561 F.2d 429 (2nd Cir. 1977), 1241, Stull v. Bayard
|Docket Nº:||1241, Docket 77-7088.|
|Citation:||561 F.2d 429|
|Party Name:||Richard J. STULL, Plaintiff-Appellant, v. Nicholas H. BAYARD, Paul L. Miller, Howard Piper, Thomas F. Piper and William T. Piper, Jr., Individually and as Executors of the Estate of William T. Piper, Deceased, Nicholas M. Salgo, David W. Wallace, Bangor Punta Corporation and The First Boston Corporation, Defendants-Appellees.|
|Case Date:||August 26, 1977|
|Court:||United States Courts of Appeals, Court of Appeals for the Second Circuit|
Argued May 27, 1977.
Irving Bizar, New York City (Demov, Morris, Levin & Shein, New York City, Martin Rosengarten, New York City, of counsel), for plaintiff-appellant.
James V. Ryan, New York City (Rogers & Wells, New York City, of counsel), for defendant-appellee Bangor Punta Corp.
Paul G. Pennoyer, Jr., New York City (Chadbourne, Parke, Whiteside & Wolff, New York City, of counsel), for defendants-appellees Howard Piper, Thomas F. Piper and William T. Piper, Jr.
Charles W. Sullivan, New York City (Sullivan & Cromwell, New York City, of counsel), for defendant-appellee The First Boston Corp.
Before VAN GRAAFEILAND, Circuit Judge, and MEHRTENS [*] and PIERCE, [**] District Judges.
VAN GRAAFEILAND, Circuit Judge:
This action arises out of the unsuccessful attempt of Chris-Craft Industries (Chris-Craft) to acquire control of Piper Aircraft Corporation (Piper). 1 Plaintiff, a Piper shareholder, brought suit under § 14(e) of the Securities Exchange Act of 1934, 15 U.S.C. § 78n(e), alleging that he and other members of a putative class were induced not to exchange their Piper shares for Chris-Craft stock and cash because of fraudulent misstatements and omissions by defendants. The District Court granted defendants' motion for summary judgment on the ground that plaintiff's claim was barred by the statute of limitations. We affirm.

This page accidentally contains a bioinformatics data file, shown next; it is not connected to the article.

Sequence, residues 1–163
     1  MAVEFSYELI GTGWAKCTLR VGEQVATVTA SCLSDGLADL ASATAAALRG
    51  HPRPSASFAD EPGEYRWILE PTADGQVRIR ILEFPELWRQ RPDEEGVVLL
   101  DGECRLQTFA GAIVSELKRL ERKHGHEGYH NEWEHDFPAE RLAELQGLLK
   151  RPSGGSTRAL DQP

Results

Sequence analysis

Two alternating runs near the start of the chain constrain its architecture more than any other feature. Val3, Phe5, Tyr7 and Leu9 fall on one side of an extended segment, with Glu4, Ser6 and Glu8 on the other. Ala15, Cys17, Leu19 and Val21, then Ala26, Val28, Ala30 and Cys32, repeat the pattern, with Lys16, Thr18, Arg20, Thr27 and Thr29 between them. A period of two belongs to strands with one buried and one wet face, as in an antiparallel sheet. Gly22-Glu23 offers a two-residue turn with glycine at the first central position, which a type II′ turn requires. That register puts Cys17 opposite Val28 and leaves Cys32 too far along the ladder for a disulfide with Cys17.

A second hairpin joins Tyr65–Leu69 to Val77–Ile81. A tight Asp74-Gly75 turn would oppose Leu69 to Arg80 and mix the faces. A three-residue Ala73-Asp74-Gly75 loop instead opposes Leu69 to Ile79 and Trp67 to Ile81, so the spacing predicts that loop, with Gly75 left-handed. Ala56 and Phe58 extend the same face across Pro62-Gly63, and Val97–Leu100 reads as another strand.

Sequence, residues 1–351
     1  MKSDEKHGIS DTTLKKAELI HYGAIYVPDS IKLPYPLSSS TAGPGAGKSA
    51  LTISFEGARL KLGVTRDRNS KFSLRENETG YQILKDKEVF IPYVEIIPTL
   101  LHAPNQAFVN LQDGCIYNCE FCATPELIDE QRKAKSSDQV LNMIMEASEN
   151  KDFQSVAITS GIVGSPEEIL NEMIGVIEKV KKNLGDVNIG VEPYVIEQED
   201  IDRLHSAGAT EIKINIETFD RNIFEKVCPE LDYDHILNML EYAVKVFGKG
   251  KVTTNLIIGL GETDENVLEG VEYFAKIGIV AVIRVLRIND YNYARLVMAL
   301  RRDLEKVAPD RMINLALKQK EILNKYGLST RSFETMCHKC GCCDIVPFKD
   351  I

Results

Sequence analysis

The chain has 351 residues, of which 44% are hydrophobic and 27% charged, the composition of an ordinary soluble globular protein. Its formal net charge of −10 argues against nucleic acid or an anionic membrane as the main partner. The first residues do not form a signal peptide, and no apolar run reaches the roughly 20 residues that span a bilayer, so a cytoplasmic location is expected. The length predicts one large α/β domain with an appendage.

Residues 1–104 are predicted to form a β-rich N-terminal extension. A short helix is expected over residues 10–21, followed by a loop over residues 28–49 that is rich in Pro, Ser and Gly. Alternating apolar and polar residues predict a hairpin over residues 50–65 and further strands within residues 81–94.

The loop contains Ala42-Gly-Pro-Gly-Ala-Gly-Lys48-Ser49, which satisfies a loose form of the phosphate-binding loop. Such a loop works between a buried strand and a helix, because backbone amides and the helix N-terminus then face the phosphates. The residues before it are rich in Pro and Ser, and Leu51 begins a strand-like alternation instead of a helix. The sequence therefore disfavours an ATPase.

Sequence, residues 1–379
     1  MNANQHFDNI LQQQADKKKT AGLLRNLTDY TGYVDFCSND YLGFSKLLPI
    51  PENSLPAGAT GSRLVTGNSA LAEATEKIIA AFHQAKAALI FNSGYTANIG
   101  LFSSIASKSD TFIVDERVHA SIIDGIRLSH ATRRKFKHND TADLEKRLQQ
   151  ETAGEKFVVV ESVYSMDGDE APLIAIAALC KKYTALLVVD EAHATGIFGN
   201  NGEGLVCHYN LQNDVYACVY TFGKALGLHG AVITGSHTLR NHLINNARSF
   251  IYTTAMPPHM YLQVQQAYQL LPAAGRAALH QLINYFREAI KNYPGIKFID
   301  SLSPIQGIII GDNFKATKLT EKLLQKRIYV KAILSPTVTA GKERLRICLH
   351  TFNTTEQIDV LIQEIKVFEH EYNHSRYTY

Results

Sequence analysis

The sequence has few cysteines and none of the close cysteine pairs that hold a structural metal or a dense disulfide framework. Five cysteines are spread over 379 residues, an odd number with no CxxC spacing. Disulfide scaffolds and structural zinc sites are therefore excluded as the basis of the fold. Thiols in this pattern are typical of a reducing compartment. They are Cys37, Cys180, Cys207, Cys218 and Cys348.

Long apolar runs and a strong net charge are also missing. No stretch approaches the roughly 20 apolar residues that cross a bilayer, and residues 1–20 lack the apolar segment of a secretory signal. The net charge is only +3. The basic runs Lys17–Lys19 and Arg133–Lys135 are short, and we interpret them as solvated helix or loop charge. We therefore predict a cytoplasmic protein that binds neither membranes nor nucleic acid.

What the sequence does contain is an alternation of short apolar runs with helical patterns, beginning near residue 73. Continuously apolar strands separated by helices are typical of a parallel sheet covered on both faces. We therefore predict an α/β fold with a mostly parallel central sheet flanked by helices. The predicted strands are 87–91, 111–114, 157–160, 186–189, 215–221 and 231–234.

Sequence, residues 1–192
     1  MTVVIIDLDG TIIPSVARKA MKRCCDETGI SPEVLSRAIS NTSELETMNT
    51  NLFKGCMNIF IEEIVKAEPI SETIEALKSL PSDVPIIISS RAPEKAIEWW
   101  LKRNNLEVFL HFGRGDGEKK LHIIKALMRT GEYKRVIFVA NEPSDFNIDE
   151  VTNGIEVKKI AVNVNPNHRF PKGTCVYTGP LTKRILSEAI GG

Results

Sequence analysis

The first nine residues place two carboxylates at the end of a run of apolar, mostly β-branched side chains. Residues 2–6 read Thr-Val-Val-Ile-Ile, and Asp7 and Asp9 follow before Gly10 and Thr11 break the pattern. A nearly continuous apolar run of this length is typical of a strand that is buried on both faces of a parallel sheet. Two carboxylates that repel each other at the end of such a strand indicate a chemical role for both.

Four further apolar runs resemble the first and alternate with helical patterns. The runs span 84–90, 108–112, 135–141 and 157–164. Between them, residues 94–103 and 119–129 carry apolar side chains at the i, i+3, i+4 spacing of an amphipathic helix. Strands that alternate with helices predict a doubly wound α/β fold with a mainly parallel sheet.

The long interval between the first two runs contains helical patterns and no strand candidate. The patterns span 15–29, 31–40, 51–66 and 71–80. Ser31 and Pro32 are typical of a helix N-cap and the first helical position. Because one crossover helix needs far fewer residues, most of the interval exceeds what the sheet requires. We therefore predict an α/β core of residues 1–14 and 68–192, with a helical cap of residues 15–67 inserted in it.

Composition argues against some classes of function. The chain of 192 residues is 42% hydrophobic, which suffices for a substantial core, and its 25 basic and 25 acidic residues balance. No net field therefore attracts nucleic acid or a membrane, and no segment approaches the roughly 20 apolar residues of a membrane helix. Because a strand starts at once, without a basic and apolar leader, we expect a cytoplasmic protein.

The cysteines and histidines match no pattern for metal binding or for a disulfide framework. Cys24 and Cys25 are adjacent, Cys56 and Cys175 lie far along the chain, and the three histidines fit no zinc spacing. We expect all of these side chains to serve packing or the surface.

During 1969, Chris-Craft and Bangor Punta Corporation (Bangor Punta) were engaged in a battle for control of Piper. To induce Piper shareholders to surrender their stock, Chris-Craft made a number of cash tender and stock exchange offers, the last of which expired on August 4, 1969. On July 18, 1969, Bangor Punta filed a prospectus and extended a competing exchange offer. On August 1, 1975, plaintiff commenced this suit against Bangor Punta and The First Boston Corporation, an investment adviser and underwriter, and named as additional defendants certain officers of these corporations and of Piper. His theory of action was that a series of misstatements and omissions by defendants between January and mid-July 1969 induced a number of Piper shareholders not to accept Chris-Craft's final exchange offer. The last wrongful act alleged in the complaint was the overevaluation of an asset in the July 18 Bangor Punta prospectus.
The trial court held that plaintiff's action was governed by a six-year statute of limitation which ran from the last fraudulent act committed by defendants. 2 Because this had occurred on July 18, 1969 and plaintiff did not sue until August 1, 1975, the court found his action to be time-barred. This appeal followed.
Section 14 of the Securities Exchange Act of 1934 prescribes no period of limitation for actions brought thereunder. In such a situation, federal courts apply those statutes of limitation of the forum state which best effectuate the policies underlying the federal statute. Arneil v. Ramsey,550 F.2d 774, 779 (2d Cir. 1977). In actions alleging fraudulent violations of the federal securities law...
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